wizard Guide

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    A Crap Circle?
     
  36. Danno

    Danno Scout

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    You don't find these out in the woods?? IMG_0384.JPG
     
  37. Chewuch

    Chewuch Supporter Supporter

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    I routinely use my iPhone to check areas of my body that I can't lay eyes on for ticks. I use the camera function. Maybe you can add a cross hair overlay, or maybe the new iScope to yours and head to the range. Should this be a skill to add to the Bushcraft school?
     
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  38. ozarkhunter

    ozarkhunter Guide Vendor

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  39. backwoodstrails

    backwoodstrails anatidaephobic Supporter Bushcraft Friend

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  40. Soilman

    Soilman Scout

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    You ought to see the expression on their faces...
    Being a soil scientist, I'm out in the woods, fields etc. using a 60 inch soil auger to identify soil types. Those not familiar with a soil auger, it is a T handled instrument with a shaft and an business end designed to "screw" into the earth and pull up soil. By screwing, pulling up and dumping, we can eventually work our way to the T of the handle if necessary. I often get asked by folks who tag along for one reason or another, "What do you do when you need to do #2?" I ask them to hold the auger while I explain. "Well, you see, I dig a shallow hole with my auger, maybe 10" deep." "Then I dig another hole with my auger about 6" away from the first hole, until the handle is only about 20 inches from the ground" " I then sit on the handle and poop into the other hole".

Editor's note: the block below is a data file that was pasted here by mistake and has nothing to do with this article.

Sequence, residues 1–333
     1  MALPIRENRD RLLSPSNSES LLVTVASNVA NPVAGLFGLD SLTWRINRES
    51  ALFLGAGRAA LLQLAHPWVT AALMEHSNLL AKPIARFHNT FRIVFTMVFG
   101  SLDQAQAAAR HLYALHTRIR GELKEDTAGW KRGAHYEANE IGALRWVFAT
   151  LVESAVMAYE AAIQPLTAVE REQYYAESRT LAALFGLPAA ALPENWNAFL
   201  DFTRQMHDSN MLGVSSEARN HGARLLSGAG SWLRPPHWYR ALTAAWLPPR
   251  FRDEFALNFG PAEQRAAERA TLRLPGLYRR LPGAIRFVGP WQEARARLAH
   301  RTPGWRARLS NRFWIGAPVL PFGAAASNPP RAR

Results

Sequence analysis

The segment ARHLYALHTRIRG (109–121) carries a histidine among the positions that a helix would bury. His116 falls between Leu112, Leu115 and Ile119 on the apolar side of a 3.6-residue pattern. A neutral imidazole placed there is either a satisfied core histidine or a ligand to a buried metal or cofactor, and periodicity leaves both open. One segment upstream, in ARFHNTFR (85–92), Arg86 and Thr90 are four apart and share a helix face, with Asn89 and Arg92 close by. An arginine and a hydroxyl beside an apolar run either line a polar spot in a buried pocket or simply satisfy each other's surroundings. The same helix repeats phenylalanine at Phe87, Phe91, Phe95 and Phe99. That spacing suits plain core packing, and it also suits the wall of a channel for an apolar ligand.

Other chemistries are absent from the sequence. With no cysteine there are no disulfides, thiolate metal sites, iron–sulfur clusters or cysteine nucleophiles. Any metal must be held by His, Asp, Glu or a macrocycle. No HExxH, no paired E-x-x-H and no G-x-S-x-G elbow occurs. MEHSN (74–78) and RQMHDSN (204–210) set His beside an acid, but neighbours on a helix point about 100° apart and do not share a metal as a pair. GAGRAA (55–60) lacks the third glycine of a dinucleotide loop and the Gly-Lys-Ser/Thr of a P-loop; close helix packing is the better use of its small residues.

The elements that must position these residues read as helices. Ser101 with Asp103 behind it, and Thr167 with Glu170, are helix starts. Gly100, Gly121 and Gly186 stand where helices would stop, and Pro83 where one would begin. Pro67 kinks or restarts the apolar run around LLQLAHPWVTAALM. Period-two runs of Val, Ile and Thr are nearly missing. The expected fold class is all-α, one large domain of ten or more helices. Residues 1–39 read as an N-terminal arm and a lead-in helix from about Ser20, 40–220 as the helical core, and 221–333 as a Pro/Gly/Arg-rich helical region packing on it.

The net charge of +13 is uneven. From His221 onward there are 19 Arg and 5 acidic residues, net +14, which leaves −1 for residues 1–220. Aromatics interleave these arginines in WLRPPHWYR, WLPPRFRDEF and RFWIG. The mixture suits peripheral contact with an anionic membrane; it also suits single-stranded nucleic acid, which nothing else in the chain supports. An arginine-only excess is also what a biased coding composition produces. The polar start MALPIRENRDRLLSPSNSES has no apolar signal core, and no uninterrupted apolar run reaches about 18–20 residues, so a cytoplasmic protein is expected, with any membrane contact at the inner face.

As I said, at this point THEY are holding my auger, and you ought to see the expression on their faces!

    Actually, I look for a log to hang my rear end over. Depending upon the urgency, I'll either dig a hole first, or just kick a bunch of leaves over it on the ground.
     
  41. 1911srule

    1911srule Scout

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    I hate people who crap all around "wilderness" camping areas and leave it for all to deal with. This is common in the Adirondacks, I think its all the bums from NYC and NJ. All I know is ever since I had to cut my skivvies off for improvised wiping material...I carry a "shit kit" and have one in every vehicle. Never gave much thought to the process. But if ya do it on the side of a pine tree covered mountain , it disguises itself as it rolls downhill picking up pine needles. Then waits for the unsuspecting tree hugger that picks up unusual things in the woods. Not really, I use a natural depression, then add dirt, camouflage , cover and concealment...

    A "cheek spreader" ...really? I don't need one, my arse is not that big...
     
    Last edited: Jul 10, 2018
  42. Dyslexic Rooster

    Dyslexic Rooster Scout

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    This is one of my favorite threads. Partly because I have the maturity level of a 12 year old, and partly because there is a lot of good information here.

    I subscribe to the 4S method. Squat, shoot, shovel, shut up.
     
  43. haunted

    haunted Guide

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    so the bear asked does a human poop in the woods.............................